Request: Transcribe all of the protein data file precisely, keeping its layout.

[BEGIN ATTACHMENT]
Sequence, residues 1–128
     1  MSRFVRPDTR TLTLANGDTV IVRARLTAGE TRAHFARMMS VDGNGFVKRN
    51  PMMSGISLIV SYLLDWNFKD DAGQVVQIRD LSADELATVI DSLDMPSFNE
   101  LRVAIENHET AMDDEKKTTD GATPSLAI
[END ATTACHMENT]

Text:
Sequence, residues 1–128
     1  MSRFVRPDTR TLTLANGDTV IVRARLTAGE TRAHFARMMS VDGNGFVKRN
    51  PMMSGISLIV SYLLDWNFKD DAGQVVQIRD LSADELATVI DSLDMPSFNE
   101  LRVAIENHET AMDDEKKTTD GATPSLAI